Bright ideas and techniques for building with Convex.
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Ian Macartney
a year ago

Authentication: Wrappers as “Middleware”

Exciting news! There is an easier way to customize your queries, mutations, and actions. Check out this post to see how to use customFunction helpers from the convex-helpers npm package.

Layers. Photo by Hasan Almasi: @hasanalmasi on Unsplash

In this post, I’ll introduce a pattern that, like middleware, can add functionality before or after a request but is explicit and granular, unlike middleware. This is the first of a series of posts on pseudo-middleware patterns to help structure your Convex code. Let us know in Discord what else you want to see! If you want to see a typescript version of the code, you can reference it here.

The problem

Setting up auth in Convex is easy. However, the resulting code can end up cluttering your functions if you aren’t careful. Consider our auth demo’s function to send a message:

export default mutation(async ({ db, auth }, { body }) => {
  const identity = await auth.getUserIdentity();
  if (!identity) {
    throw new Error("Unauthenticated call to mutation");
  // Note: If you don't want to define an index right away, you can use
  // db.query("users")
  //  .filter(q => q.eq(q.field("tokenIdentifier"), identity.tokenIdentifier))
  //  .unique();
	const user = await db
    .withIndex("by_token", q =>
      q.eq("tokenIdentifier", identity.tokenIdentifier)
  if (!user) {
    throw new Error("Unauthenticated call to mutation");

  const message = { body, user: user._id };
  await db.insert("messages", message);

All of the endpoint logic is in the last few lines!

The goal

We want to provide a user where we’d normally access the auth object.

export default mutation(
  withUser(async ({ db, user }, { body }) => {
    const message = { body, user: user._id };
    await db.insert("messages", message);

The withUser solution

Our wrapper function, provided below, may look a little complicated, so let’s talk about what it’s doing. Like mutation and query, withUser's only argument is a function. However, this function wants to be called with the user populated in the first parameter. So you can see in the call func({ ...ctx, user }, args), we are passing in the user that we looked up. Popping out a layer, withUser itself returns an async function that can be passed to query or mutation. So we define an inline async function that, given the normal ctx and arguments, will call the passed-in function func with the same arguments and the first parameter augmented. If this bends your brain, you’re not alone. Feel free to copy-paste. And for those nervous about how you’d type this in typescript, don’t worry. You can copy it from here.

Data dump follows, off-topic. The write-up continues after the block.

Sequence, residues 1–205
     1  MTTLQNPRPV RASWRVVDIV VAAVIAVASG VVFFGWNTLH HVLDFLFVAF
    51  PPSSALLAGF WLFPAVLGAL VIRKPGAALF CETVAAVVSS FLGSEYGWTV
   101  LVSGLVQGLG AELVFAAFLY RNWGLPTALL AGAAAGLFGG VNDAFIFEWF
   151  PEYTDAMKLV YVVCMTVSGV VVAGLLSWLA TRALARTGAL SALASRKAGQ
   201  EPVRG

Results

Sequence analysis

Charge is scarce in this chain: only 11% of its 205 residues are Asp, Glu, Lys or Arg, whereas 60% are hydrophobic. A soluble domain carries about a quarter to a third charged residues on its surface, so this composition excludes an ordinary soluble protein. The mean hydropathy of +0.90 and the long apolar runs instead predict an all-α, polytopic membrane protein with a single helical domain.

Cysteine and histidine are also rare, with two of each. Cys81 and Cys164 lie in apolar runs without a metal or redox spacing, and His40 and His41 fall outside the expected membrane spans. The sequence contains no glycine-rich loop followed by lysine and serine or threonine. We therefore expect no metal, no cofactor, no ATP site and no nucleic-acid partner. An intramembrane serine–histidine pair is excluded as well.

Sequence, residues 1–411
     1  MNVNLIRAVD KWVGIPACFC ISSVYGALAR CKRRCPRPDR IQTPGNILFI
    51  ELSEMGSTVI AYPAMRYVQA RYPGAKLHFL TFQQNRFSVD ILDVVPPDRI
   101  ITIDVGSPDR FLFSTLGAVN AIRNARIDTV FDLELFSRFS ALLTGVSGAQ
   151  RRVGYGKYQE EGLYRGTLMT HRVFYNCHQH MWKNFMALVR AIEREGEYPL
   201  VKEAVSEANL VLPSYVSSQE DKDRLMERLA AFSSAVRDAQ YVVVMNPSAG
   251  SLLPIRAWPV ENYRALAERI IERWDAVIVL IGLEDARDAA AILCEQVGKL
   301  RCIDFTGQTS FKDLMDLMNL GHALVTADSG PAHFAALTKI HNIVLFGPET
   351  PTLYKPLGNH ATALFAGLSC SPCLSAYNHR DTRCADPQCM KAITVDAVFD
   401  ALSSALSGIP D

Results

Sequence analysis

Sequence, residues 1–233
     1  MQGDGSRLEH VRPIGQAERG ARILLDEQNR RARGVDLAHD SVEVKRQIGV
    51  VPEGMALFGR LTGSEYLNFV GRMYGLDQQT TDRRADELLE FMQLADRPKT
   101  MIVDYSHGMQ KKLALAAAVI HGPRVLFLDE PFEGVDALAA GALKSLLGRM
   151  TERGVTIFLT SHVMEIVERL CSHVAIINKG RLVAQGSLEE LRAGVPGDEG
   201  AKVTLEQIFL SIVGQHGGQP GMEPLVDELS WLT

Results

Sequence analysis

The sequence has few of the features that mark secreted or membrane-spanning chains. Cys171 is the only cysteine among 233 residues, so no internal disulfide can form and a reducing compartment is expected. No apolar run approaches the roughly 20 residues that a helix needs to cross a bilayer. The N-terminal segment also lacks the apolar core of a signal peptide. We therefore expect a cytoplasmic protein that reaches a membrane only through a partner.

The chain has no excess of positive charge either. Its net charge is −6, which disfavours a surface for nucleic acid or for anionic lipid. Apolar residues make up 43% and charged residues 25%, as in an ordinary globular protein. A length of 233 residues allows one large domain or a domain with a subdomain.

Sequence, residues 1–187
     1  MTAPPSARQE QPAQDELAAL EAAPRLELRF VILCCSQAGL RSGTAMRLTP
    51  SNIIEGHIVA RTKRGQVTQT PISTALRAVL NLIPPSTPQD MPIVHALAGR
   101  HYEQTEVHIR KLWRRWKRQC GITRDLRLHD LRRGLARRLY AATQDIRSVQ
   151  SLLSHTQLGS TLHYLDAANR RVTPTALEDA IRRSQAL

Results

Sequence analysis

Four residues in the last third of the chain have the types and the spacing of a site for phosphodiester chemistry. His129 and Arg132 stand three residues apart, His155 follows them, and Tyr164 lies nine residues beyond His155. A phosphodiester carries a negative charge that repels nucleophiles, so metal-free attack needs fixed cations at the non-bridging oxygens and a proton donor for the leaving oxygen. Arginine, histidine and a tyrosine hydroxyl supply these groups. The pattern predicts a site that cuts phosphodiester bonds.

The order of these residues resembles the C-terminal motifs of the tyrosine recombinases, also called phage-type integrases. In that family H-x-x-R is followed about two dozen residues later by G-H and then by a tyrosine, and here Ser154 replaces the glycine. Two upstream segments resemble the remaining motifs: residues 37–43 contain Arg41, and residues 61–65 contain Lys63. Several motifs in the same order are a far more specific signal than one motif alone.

* Wrapper for Convex query or mutation functions that provides a user.
 * @param - func Your function that can now take in a `user` in the ctx.
 * @returns A function to be passed to `query` or `mutation`.
export const withUser = (func) => {
  return async (ctx, ...args) => {
    const identity = await ctx.auth.getUserIdentity();
    if (!identity) {
      throw new Error(
        'Unauthenticated call to a function requiring authentication'
    // Note: If you don't want to define an index right away, you can use
    // db.query("users")
    //  .filter(q => q.eq(q.field("tokenIdentifier"), identity.tokenIdentifier))
    //  .unique();
    const user = await ctx.db
      .withIndex('by_token', (q) =>
        q.eq('tokenIdentifier', identity.tokenIdentifier)
    if (!user) throw new Error('User not found');
    return await func({ ...ctx, user }, ...args);

Why extend the first argument with new parameters?